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Why China’s Payment Apps Give U.S. Bankers Nightmares

Wandering the streets of Shanghai to admire the architecture, the head of one of the largest U.S. consumer banks recently found himself surrounded by a gaggle of teenagers.

Entranced by their phones, they hardly made way for the banker. The teens were messaging, shopping and sending money back and forth, all without cash. Instead, they were using Alipay and WeChat.

The scary thing for the American: Banks never got a cut.

The future of consumer payments may not be designed in New York or London but in China. There, money flows mainly through a pair of digital ecosystems that blend social media, commerce and banking—all run by two of the world’s most valuable companies. That contrasts with the U.S., where numerous firms feast on fees from handling and processing payments. Western bankers and credit-card executives who travel to China keep returning with the same anxiety: Payments can happen cheaply and easily without them.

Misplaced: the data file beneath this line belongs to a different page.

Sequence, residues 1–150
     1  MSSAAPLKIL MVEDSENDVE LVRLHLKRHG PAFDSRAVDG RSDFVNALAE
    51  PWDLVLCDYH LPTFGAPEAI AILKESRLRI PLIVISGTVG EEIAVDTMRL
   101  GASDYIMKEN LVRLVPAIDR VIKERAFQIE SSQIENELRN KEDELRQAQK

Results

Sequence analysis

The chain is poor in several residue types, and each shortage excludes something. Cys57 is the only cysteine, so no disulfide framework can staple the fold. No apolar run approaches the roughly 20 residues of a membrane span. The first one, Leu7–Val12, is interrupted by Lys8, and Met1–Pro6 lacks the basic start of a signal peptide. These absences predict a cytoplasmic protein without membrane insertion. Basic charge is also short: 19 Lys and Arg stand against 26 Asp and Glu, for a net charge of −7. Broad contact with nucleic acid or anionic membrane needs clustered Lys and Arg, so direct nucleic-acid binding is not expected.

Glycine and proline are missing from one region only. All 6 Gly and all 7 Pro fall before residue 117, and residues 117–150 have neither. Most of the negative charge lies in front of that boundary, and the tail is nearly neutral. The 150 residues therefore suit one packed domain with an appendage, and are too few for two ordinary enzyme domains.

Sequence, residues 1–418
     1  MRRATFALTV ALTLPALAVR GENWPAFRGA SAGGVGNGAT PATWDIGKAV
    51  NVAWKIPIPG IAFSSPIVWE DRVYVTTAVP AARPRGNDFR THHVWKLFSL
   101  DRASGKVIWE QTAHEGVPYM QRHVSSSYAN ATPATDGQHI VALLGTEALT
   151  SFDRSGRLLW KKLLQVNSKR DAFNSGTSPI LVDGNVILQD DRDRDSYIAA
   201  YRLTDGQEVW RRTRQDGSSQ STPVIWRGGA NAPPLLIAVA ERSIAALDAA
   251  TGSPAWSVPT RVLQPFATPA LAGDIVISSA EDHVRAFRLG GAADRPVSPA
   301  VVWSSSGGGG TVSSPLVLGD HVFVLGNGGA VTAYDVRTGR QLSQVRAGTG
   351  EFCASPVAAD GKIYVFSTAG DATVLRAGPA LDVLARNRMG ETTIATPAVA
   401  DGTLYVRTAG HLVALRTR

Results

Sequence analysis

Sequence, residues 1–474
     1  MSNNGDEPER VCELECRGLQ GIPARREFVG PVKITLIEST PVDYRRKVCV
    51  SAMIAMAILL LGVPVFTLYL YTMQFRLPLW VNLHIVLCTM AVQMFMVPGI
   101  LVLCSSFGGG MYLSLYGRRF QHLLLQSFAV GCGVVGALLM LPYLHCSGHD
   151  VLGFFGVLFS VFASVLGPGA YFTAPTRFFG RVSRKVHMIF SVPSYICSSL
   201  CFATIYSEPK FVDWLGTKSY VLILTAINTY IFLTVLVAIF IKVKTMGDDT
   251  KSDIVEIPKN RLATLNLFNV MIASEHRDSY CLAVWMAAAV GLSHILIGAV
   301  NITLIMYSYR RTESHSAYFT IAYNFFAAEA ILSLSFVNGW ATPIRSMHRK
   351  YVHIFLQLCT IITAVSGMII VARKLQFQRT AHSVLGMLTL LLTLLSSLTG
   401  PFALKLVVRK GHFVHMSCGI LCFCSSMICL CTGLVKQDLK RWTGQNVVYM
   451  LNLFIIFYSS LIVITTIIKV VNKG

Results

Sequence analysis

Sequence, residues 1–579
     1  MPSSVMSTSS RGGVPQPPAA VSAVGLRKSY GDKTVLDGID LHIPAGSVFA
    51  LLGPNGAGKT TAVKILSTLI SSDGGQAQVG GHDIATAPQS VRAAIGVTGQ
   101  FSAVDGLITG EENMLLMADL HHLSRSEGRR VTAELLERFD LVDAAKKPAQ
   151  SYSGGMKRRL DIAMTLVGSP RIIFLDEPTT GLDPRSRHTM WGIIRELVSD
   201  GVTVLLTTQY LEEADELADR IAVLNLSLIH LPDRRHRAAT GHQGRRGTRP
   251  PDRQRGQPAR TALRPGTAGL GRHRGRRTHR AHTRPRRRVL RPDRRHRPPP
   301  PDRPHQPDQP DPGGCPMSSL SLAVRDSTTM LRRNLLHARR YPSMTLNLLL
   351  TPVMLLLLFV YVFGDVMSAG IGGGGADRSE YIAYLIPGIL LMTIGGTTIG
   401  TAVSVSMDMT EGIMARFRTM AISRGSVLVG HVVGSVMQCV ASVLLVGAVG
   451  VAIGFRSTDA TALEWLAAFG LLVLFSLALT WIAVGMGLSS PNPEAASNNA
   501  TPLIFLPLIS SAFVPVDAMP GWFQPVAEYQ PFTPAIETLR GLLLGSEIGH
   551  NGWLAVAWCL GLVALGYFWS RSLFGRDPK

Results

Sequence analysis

Alibaba Group Holding Ltd. created Alipay in 2004 to let millions of potential customers who lacked credit and debit cards shop on its vast online marketplace. Tencent Holdings Ltd., similarly, debuted its payments function in 2005 in a bid to keep users inside its messaging system longer.

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Disclaimer: Statements in this article should not be considered investment advice, which is best sought directly from a qualified professional.